Domestic disputes: Law enforcement's most dangerous calls

- What started as a frantic 911 call ended with an apartment complex parking lot riddled with bullet casings Sunday morning.

Hillsborough deputies were called out to Grovedale Drive around 1 a.m. Sunday to assist a victim of domestic violence.  Soon after they got there, they say the woman's boyfriend came back to the scene -- armed with a semi-automatic handgun.

"In this case, it was an individual who obviously was prepared to utilize deadly force," HCSO's Detective Larry McKinnon said Monday.

Deputies say Jamil Valladares started shooting at them. They returned fire. Valladares wound up in the hospital. The two deputies walked away unharmed.

Hours earlier, Pinellas Park police responded to a similar scene.  A mom called 911 Saturday night after her husband and son started bickering over beer. Before police could arrive, they say the father shot and killed his son. Then, police say 59-year old Waldemar Bogusiewicz turned the gun on them. He died in the firefight. Officers walked away from a frighteningly close call.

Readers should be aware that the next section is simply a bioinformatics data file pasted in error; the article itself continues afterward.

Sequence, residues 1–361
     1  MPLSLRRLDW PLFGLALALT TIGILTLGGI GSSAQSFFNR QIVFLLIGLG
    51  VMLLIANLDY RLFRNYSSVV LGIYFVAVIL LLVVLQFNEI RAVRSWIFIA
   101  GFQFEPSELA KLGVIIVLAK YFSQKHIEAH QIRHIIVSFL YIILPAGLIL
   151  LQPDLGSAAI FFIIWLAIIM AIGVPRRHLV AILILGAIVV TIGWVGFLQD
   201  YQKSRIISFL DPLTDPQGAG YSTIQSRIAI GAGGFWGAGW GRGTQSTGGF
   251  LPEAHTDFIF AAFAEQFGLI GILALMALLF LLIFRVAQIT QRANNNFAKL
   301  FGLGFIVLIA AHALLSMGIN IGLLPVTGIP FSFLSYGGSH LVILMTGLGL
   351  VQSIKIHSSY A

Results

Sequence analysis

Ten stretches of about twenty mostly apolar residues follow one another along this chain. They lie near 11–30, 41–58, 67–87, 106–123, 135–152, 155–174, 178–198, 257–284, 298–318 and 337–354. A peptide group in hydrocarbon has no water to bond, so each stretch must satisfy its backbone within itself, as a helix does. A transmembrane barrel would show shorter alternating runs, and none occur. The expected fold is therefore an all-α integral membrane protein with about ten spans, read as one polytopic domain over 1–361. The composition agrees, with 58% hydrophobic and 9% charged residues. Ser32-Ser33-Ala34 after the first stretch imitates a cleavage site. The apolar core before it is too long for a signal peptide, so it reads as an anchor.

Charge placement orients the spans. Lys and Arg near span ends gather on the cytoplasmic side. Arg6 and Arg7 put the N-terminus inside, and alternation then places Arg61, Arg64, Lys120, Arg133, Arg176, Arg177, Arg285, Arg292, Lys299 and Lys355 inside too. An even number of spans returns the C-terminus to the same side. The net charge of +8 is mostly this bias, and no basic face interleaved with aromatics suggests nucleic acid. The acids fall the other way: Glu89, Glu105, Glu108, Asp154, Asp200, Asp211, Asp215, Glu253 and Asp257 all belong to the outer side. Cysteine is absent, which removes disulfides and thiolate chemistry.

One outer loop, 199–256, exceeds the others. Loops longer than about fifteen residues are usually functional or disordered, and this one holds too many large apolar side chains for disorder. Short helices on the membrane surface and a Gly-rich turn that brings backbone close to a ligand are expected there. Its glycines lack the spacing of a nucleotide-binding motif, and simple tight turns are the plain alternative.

"I've been doing this 38 years, and I can tell you the most dangerous calls we can go on are domestic violence cases. The bottom line is you're dealing with people's emotions," McKinnon said.

The Spring, a Bay Area domestic violence center, echoes that danger.

"This is not a 'He lost control, he got angry, he just lost his job, he was drinking.' This is a chosen behavior," The Spring's Mindy Murphy said Monday.

They host a 24/7, 128-bed emergency shelter for victims fleeing from abuse.  Each year, they help about 1,200 women and children. They say every call should be treated as a life-or-death situation.

"These are dangerous guys, they're dangerous to their partners, and they can be dangerous to law enforcement as we saw this weekend," Murphy said.

The four law enforcement officers involved in those two shootings have been placed on routine paid administrative leave.

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